Getting to Know the Binjai
The binjai’s trunk is columnar, without buttresses but with a greyish bark. The binjai’s overall form with flowers.
Many trees all across Singapore flowered after a period of dry weather in April to May earlier this year. One such tree was a large stately binjai (Mangifera caesia) growing in a green space off Jalan Naung, near Hougang MRT station in the north-eastern part of Singapore.
The binjai is one of 12 species of mango recorded as native to Singapore. This species is also found in Peninsular Malaysia, Sumatra, Borneo and Java. Binjai trees flower and fruit at long intervals, usually after five years. The low branches of this binjai tree meant that flowers were easily accessible for observation, documentation, and botanical research.
Blooms and Blossoms
The attractive binjai flowers that are lilac on the outside and purple on the inside.
When in bloom, the binjai tree is covered in attractive bunches of flowers that are lilac on the outside and purple on the inside. However, the flowers open only for a day.
Its fleshy fruit is pear-shaped that ripens to a pale brown. Measuring about 10 to 19 cm long and 5 to 10 cm wide, it is considered a delicacy by the Malay community, and can be eaten raw but taste sour. A more common way to consume the fruit is to dip the pulp of the ripe fruit in sambal belacan, a chilli and fermented prawn paste, and eaten with rice.
Pale brown with a rough skin, the binjai fruit flesh is white in colour and has a sour taste.
There is also a variety with sweet fruits called binjai manis or wani. While the indigenous people of this region have known the binjai for hundreds of years, it was only formally named and described in western science by a Scottish botanist and surgeon named William Jack in 1824. A close confidant of Sir Stamford Raffles, Jack carried out early botanical exploration in Sumatra, Penang and Singapore, and was known for the clarity of his botanical descriptions.
The binjai has a dense crown and is dome-shaped.
I first came across the lofty tree at Jalan Naung more than 25 years ago, in 1991, and brought it to the attention to my colleagues in NParks. Then, it was the only tree on a turfed piece of vacant land, the site of a former kampung. In the past, the binjai was commonly planted in such villages for its brown potato-like fruit.
Although it was not clear how long this tree had stood in this place, it is likely that it was spared when the area was cleared of buildings and other vegetation because of its large size. At about 30 m, it may have just been too difficult to fell!
Its conservation may have also been helped by the belief held by some members of local communities that spirits are associated with large trees, and harm may befall those that injure these trees.
Handle with Care
The Singapore Red Data Book lists the binjai as Critically Endangered. In 2002, this binjai was designated as a heritage tree, with an impressive girth of 3.4 m when measured in 2003.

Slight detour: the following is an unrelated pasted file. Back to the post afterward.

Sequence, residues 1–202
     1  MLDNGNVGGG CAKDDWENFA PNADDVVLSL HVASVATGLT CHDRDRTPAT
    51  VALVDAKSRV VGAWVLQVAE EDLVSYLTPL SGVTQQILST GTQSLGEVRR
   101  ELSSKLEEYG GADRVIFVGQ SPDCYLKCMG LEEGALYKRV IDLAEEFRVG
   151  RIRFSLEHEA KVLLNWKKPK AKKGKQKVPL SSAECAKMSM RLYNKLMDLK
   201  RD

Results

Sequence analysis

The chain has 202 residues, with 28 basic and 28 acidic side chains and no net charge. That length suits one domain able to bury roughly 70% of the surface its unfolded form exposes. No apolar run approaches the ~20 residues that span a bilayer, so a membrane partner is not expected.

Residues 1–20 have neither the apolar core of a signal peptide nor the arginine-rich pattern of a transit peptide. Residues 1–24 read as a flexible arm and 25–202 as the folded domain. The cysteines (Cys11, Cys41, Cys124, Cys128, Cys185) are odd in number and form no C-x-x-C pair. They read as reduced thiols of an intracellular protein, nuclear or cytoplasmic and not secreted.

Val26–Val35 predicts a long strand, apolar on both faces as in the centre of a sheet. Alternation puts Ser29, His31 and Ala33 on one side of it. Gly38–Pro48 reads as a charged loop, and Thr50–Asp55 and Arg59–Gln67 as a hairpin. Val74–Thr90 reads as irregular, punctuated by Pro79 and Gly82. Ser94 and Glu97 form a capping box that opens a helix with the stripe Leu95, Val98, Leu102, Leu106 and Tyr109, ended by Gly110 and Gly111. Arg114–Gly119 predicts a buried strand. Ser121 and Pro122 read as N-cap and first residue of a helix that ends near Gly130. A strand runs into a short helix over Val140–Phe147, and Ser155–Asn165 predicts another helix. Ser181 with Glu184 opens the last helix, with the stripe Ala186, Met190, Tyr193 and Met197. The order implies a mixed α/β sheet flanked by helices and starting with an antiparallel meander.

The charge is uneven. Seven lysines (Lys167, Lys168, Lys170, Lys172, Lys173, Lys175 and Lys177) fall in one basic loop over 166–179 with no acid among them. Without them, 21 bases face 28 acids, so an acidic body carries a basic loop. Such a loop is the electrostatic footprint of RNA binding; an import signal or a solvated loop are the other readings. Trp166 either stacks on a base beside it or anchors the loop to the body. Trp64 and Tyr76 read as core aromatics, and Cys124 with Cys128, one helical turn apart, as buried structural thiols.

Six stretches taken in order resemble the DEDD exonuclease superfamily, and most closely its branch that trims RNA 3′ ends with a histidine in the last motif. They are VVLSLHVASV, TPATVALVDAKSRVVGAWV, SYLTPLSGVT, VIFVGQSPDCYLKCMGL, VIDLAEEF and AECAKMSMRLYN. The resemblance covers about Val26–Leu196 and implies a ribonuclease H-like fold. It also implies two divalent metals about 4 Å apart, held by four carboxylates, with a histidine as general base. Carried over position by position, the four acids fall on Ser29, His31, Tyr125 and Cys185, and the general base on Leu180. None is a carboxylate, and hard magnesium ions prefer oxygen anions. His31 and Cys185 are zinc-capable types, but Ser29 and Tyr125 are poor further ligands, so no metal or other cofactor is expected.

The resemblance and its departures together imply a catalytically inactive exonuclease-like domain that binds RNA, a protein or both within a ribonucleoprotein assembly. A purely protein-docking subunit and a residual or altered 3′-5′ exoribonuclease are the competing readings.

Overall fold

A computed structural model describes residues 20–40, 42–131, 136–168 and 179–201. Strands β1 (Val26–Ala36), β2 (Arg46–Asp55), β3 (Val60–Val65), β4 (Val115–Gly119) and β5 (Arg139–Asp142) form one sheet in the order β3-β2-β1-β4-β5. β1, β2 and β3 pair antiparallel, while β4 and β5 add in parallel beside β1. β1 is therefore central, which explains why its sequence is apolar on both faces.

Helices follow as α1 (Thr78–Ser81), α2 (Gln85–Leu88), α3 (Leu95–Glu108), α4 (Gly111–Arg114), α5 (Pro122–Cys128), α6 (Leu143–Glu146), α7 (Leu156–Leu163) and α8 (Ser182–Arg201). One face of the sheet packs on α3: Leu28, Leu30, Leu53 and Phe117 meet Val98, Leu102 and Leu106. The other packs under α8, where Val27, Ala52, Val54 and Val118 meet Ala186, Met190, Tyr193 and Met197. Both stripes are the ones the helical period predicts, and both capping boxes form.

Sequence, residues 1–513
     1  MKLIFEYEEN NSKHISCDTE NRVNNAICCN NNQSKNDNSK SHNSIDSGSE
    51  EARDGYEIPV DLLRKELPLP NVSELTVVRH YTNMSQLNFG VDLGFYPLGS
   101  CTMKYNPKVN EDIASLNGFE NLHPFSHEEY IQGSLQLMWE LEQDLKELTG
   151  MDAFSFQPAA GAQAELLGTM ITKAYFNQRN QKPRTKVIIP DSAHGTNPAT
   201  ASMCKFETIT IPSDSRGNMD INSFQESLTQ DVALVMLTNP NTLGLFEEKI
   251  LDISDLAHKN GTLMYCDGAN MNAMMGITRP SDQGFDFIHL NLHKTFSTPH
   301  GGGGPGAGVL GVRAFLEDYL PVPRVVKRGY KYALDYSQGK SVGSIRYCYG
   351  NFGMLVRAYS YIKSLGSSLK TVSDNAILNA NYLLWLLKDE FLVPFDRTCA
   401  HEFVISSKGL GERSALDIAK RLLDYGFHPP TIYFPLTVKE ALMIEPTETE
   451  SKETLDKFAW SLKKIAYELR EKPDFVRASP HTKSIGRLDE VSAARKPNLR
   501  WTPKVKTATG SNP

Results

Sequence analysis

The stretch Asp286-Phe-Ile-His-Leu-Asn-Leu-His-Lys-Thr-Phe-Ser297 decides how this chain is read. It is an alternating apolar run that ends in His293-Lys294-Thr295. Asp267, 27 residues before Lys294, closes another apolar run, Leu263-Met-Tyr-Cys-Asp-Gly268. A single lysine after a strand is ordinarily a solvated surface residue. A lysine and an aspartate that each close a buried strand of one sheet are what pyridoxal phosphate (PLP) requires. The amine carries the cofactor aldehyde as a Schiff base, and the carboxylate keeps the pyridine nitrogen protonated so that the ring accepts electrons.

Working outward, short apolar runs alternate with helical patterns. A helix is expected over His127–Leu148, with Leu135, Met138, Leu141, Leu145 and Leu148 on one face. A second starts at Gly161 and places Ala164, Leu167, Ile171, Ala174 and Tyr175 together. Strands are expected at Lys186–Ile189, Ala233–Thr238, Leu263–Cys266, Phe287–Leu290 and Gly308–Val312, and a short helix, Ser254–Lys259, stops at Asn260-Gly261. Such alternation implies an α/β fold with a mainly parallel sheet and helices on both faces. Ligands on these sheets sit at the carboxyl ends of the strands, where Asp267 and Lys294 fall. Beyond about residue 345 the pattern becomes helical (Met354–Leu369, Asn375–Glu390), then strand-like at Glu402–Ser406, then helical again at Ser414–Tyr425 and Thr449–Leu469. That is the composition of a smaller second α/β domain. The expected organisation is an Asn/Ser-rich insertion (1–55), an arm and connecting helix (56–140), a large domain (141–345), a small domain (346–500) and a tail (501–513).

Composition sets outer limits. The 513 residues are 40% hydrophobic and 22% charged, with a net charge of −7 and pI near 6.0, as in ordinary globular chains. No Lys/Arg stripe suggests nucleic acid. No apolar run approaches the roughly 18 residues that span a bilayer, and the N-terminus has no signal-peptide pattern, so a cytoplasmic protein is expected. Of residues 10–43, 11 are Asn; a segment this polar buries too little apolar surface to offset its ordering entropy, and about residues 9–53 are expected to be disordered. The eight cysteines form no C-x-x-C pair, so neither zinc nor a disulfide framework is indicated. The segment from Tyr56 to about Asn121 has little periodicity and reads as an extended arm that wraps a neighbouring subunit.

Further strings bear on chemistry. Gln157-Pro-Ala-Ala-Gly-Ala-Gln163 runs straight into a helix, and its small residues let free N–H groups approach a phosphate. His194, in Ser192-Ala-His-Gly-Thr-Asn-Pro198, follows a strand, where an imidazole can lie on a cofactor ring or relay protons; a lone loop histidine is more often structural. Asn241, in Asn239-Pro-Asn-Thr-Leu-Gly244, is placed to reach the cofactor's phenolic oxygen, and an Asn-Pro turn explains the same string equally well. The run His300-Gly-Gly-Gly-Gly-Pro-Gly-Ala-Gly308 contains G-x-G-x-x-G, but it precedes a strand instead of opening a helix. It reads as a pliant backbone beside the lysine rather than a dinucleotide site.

However, accidental damage to the trunk and/or root system can lead to a decline and eventual death of a tree. One common problem is the movement of heavy machinery near the base of the tree, resulting in soil compaction that can lead to root damage. At one time, because of building construction in an adjacent piece of land, there was a danger of this happening to the tree.
To prevent this, a metal barrier was erected at the root zone of the tree, so as to protect its trunk and roots. Today, this protective barrier still stands and the tree is still as vigorous as when I first encountered it.
The overall form of the binjai showing its branch arrangement.
Sense of Permanency and Place
My own research is motivated by the fact that there are still many gaps in our knowledge about the trees of our region. This is no wonder considering that there is an estimated 19,000 species of trees in tropical Asia! Since my contact with forest botany, arboriculture and plant taxonomy, I have been working to improve this knowledge gap and enjoy helping others appreciate the immense biodiversity of our region.
From a landscaping perspective, this stately and beautiful tree defines the area around it. Personally, this tree reminds me that there is still much to learn about nature.
Although there has been much development in its surroundings, the presence of this tree gives the community a sense of permanency and place. I am hopeful that it will continue to grow strong and tall in its current location.
Text and photos by Dr S K Ganesan
About the writer
Dr. S.K. Ganesan is Principal Researcher in Plant Taxonomy at the Singapore Botanic Gardens, researching the biodiversity, ecology and ethnobotany of the plants of tropical and subtropical Asia. His present focus includes the botany of the mango, meranti and melunak tree families.
Interested in learning more about trees that make up our urban forest? Check out trees.sg, our online map which shows the locations of over 500,000 trees, features interesting bites of information on unique tree species, and even lets you show some love to your favourite tree by leaving it a treemail and giving it a hug!
Mature trees are part of the natural heritage of Singapore, serving as important green landmarks in our City in a Garden. These trees help us identify with and stay rooted to the place we call home. The Heritage Tree Scheme, started in 2001, advocates the conservation of Singapore’s mature trees. Learn more about how you can nominate a tree for this scheme.
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